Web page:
If you'd like to see some of Rachel's work, you can go to her UMD website. Don't know about you, but I'm a fan.

Monday, April 05, 2004


Some research I worked on during my last year at UMD is being presented at the 14th annual meeting of the Society for Text & Discourse. I worked under a post-doc in the UMD Comp Sci department named Mike Anderson. The basic idea of the research was to determine the types and frequency of metalanguage, or talking about talking when you're talking ::goggle:: Here's the program for the conference.

This is the listing for our project in the conference program:

Tuesday, August 3rd
11:30 On the types and frequency of metalanguage
in conversation: A preliminary report

Michael L. Anderson, Andrew Fister,
Bryant Lee, Luwito Tardia &
Danny Wang

Friday, April 02, 2004

Why Someone Might Not Like Google Ads

I read this article on ZDNet about Google's up and coming email service, Gmail. The author, Charles Cooper, makes some interesting arguments as to why Google should not use their contextual ads from the standpoint of competing with Microsoft. Maybe Google should heed this advice, but maybe it's much ado about nothing. It'll be interesting to see how Microsoft and Yahoo respond.

Thursday, April 01, 2004

Google Email

Google Email.


I personally have no problems with Google ads. I think they're cool. And this email service will far surpass the ones which are out there already, like Yahoo, which I use. I will switch to Google unless Yahoo really ramps up their service to compete with Google. This has got to piss off Yahoo and Microsoft :-P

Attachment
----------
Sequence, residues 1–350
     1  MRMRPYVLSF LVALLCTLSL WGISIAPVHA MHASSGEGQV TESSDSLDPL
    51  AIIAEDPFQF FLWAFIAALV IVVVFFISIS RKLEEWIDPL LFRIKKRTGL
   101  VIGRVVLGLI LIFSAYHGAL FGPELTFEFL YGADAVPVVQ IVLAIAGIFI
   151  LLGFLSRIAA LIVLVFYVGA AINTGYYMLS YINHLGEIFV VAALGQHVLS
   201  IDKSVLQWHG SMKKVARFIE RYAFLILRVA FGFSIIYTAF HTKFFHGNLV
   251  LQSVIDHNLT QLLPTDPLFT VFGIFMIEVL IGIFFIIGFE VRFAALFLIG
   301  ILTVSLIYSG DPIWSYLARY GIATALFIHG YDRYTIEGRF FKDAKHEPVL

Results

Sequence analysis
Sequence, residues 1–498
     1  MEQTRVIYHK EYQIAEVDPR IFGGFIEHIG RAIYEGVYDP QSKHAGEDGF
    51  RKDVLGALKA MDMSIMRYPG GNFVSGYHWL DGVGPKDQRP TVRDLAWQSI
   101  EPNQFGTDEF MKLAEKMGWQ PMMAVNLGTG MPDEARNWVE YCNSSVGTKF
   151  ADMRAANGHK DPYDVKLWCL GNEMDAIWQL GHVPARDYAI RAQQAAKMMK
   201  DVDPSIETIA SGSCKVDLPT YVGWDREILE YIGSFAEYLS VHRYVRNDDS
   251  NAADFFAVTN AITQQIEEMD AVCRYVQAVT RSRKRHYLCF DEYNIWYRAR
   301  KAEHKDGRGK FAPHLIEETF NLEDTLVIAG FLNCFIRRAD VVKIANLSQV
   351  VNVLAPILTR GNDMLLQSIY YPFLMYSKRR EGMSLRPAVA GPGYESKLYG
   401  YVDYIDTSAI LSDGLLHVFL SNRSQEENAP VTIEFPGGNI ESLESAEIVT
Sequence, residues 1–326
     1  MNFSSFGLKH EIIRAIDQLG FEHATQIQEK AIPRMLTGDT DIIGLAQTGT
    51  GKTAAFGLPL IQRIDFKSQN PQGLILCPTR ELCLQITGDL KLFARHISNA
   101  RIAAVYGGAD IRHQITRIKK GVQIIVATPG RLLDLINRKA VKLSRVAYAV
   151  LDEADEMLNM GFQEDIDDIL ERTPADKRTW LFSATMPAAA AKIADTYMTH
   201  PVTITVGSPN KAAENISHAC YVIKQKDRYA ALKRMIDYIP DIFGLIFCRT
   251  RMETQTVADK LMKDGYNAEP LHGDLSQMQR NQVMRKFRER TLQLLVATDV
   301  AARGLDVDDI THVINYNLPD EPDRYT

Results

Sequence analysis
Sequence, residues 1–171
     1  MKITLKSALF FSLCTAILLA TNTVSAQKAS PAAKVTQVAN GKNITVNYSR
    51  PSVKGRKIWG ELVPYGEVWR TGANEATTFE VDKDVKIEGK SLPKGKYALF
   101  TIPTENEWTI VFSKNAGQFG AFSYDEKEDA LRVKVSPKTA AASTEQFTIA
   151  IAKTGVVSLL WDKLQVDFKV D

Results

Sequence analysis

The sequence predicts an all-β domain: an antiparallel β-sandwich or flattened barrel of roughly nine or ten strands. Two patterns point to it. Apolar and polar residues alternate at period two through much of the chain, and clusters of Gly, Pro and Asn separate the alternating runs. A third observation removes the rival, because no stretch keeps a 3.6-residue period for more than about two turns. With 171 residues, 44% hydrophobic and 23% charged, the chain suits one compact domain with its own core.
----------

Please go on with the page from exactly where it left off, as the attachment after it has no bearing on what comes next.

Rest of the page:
Ghetto Mall

Last night I went shopping with Rachel at Prince George's Plaza Mall in Hyattsville. It is just about the oddest thing I've seen, I think. Maybe not, but in terms of odd malls, this one blows them all away. Well, the mall itself is alright. It's not very big, but it's fairly clean and has good security. When you go to a mall like this though, you have a ... err ... limited selection, shall we say.

I was looking for sandals since my previous ones are falling apart quite literally. So we walk around the whole mall walking into shoe stores, but none of them had sandals. They tended to be sportsy stores with shoes limited to basketball shoes and boots, it seemed. They also had a lot of uber-cool sporting apparel for men like jerseys and big basketball shorts.

The oddest thing by far was when we went to Hecht's. The whole first floor was nothing but women's apparel. I said, "Wouldn't it be funny if the whole store was women's stuff?" So we go up to the second floor, and sure enough, I'm viciously assaulted by panties and bras. A whole department store with no men's clothing! Besides that most of the other clothes stores were gaudy and flashy women's clothing stores.

The last store we hit finally had sandals. It was The Shoe Dept. Just a regular shoe store. No joke. They had a pair of Nunn Bush leather belt-strap sandals which I liked. So that's what I got.